Friday, September 28, 2007

HIM Reza Shah II's Third Option

An Iranian Solution for a World Problem

September 27, 2007
Iran va Jahan
Reza Bayegan


Last week Prince Reza Pahlavi of Iran who lives in exile from his homeland once again outlined his views on defusing the unprecedented danger threatening his country and world peace. He has expressed these views before but as the menace of confrontation with the Iranian regime looms increasingly heavier, the relevance and urgency of Reza Pahlavi's appeal is becoming more apparent.

In an article published in Le Monde dated 21 September 2007 he points to a third way of encountering the regime in Tehran which is neither violent military attack nor appeasement.

According to Reza Pahlavi what can save Iran and the world from disaster is a synergy between the democratic struggle from inside the country on the one hand and the will of international community on the other. The regime needs to be crippled from within and isolated from without. Economic sanctions together with political pressure should be the focus of the international efforts and not preparation for a military attack.

The priority of Iranians who are submitted to relentless oppression and persecution of a brutal dictatorship is not how to respond to the nuclear challenge or to fight the adventurous foreign policy of the Islamic Republic. Issues of vital importance to Iranian people right now are daily violations of human rights, growing poverty and unemployment and the absence of liberty. He writes:

"I share this conviction with many of the dissidents inside the country, that the essential problem of the Iranian people is neither the continuation of the uranium enrichment nor the Islamic regime's adventurism in one way or the other. The main aspirations of the large majority of the Iranians are freedom, human rights, secularism, prosperity, employment and security."

What is pointed out in this article is a need for a shifting of the emphasis by the West in its confrontation with the dictatorial regime in Iran. So long as major Western powers demonise Iran for what the regime portrays as an issue of great national pride, the will for popular uprising and overthrowing the dictatorship is foiled and nullified.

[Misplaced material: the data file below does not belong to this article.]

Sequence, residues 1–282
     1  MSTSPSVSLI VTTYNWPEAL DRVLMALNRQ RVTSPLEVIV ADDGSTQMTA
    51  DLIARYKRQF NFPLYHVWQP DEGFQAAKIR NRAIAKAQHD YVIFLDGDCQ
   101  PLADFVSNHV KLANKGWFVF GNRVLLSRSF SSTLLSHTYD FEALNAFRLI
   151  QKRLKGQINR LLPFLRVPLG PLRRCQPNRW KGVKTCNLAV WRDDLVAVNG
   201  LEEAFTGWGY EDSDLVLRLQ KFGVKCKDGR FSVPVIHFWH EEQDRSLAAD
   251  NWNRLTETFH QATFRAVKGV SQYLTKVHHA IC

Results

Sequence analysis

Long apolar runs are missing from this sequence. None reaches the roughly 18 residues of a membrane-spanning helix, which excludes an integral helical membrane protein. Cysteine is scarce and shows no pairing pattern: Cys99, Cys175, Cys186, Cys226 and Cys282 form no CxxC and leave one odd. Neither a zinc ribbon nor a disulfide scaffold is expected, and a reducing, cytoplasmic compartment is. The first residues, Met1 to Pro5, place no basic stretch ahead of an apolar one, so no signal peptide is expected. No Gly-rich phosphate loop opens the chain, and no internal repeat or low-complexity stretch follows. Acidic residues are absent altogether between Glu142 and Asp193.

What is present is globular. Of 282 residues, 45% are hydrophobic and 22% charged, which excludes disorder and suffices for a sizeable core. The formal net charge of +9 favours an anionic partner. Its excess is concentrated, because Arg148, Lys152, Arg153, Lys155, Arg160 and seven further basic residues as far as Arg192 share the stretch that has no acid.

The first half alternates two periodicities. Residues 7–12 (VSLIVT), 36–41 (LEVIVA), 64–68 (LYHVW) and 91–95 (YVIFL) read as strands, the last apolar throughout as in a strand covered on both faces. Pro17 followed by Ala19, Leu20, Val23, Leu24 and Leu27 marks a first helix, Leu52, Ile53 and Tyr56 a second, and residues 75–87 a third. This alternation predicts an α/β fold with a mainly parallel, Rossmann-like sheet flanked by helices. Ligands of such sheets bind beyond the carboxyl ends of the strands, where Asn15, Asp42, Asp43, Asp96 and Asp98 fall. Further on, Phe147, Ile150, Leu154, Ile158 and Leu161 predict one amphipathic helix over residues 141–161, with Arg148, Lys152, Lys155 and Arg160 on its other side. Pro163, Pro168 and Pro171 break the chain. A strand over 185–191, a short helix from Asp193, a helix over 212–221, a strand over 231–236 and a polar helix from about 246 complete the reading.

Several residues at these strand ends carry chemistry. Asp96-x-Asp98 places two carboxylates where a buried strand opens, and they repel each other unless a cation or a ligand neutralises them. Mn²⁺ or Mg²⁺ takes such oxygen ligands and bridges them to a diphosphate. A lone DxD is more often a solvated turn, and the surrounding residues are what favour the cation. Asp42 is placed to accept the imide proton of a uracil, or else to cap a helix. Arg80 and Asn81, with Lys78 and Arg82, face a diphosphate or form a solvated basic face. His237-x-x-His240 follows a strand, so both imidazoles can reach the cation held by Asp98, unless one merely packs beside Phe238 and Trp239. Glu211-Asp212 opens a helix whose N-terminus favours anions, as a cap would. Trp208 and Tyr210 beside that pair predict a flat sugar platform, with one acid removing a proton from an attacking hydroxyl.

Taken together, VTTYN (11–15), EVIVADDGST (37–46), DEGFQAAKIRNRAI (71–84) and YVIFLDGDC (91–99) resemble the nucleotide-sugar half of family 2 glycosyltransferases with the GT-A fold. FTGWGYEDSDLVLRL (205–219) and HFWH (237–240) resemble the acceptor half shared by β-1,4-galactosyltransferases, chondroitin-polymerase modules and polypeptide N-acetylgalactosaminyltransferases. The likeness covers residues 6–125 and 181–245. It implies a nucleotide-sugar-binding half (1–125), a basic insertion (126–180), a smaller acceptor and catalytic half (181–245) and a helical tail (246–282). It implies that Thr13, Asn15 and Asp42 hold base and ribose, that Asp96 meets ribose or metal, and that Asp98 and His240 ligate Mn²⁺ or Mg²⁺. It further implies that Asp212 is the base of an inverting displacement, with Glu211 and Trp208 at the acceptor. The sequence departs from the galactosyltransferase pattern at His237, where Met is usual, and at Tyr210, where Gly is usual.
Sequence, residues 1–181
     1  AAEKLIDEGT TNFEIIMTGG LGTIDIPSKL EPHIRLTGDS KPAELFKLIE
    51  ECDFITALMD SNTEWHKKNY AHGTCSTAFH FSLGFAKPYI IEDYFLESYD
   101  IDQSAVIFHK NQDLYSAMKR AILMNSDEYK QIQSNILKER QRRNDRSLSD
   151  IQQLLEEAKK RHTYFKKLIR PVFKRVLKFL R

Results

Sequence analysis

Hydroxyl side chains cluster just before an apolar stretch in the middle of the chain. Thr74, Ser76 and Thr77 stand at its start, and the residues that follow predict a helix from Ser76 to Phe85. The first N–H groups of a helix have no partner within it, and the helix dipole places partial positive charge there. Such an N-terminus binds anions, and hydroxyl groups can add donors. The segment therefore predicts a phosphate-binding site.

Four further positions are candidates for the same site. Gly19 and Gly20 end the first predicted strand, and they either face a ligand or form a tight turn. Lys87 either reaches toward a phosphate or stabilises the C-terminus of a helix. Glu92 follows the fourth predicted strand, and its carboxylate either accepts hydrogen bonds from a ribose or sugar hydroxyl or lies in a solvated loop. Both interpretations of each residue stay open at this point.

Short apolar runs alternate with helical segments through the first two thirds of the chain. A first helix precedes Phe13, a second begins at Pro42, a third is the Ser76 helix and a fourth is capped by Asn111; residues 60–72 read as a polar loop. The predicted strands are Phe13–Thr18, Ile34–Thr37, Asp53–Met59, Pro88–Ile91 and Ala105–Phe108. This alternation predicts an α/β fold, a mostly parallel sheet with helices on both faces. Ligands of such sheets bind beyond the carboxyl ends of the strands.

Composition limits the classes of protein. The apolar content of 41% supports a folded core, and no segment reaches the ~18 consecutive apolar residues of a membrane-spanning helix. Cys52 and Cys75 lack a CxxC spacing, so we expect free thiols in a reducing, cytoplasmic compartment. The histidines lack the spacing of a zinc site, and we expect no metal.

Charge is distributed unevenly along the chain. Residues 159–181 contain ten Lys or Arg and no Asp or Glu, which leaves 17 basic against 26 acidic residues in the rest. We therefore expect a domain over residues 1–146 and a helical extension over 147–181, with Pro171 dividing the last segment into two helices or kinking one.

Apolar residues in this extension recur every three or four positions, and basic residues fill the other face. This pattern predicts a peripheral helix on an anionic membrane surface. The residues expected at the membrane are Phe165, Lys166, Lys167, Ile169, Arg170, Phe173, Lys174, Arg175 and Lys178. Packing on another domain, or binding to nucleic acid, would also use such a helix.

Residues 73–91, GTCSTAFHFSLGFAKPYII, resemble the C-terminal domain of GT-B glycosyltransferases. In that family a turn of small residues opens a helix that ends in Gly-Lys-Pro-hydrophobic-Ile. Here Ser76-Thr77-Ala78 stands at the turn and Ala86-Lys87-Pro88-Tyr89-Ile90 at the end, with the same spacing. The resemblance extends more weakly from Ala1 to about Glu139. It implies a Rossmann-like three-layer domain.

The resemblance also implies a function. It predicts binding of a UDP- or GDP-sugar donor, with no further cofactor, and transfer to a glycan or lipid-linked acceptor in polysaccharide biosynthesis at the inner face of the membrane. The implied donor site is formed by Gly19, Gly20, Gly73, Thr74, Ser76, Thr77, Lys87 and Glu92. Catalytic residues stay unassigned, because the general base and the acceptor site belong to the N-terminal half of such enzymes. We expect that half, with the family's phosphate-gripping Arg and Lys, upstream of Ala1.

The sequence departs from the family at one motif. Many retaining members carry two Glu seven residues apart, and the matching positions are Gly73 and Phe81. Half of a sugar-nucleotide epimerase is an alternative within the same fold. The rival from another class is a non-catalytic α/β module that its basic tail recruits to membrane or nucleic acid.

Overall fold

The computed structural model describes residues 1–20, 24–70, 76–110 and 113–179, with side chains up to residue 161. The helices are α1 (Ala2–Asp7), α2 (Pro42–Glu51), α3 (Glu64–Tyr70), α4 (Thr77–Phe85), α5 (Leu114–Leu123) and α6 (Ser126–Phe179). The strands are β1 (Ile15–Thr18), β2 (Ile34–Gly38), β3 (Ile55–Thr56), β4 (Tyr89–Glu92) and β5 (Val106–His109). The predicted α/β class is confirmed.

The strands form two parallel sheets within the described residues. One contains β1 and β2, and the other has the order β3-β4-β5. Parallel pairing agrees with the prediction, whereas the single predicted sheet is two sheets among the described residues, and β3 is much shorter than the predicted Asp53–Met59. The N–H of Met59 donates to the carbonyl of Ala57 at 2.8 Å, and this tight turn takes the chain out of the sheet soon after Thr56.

Major powers need to remind the Iranian people that far from grudging them advancement and technological progress, they are engaged in the same battle as they are in helping to rid their country of a medieval dictatorship and restore their human rights and liberty. To talk of the war between Iran versus the rest of the world is to exactly play into the hand of the Mullahs.

Reza Pahlavi praises the new French government for its resolve to impose greater sanctions on the Islamic regime and blacklist members of the Iranian political establishment. The French President Nicolas Sarkozy has been very careful to make a distinction between the terrorist-sponsoring government in Tehran and what he calls the 'great Iranian nation'. Mr Sarkozy also thinks that between bombing Iran and allowing the Islamic Republic to develop weapons of mass destruction there exists a third option.

Reza Pahlavi offers an Iranian point of view about the modality of this third option. The great advantage of his solution is that instead of alienating Iranians and pushing them into the claws of their oppressors, it pays homage to their just political aspirations and enlists their commitment to fight for their national liberation with dignity and pride.

No political figure amongst the opposition has the legitimacy or popularity of Reza Pahlavi to unite the Iranian people in their fight against their tyrannical rulers. In this article for the prestigious French newspaper, he reiterates his commitment to carry the flame of freedom and democracy to the end and see off his nation to a destination where they can freely choose their future political path, be it a democratic republic or a constitutional monarchy.

Sunday, September 23, 2007

Boycott the terrorist AhmadiNejad's speech at Columbia University!

Boycott Ahmadinejad

September 21, 2007
The Weekly Standard
William Kristol

Let the Iranian president (and the Columbia president) speak to a sea of empty seats.

A Columbia student asked how he could effectively protest his university's invitation to Iranian president Mahmoud Ahmadinejad to speak Monday. My first response was to suggest petitions, e-mails to President Bollinger and the university trustees, letters to the student paper, peaceful protest, and the like. All these are fine. But then I had a second thought. There might be one form of protest that would be effective both in showing appropriate disgust for the Iranian regime, and in shaming the Columbia administration: A total student boycott of Ahmadinejad's speech. Let the Iranian president (and the Columbia president) look out on, and speak to, a sea of empty seats on Monday.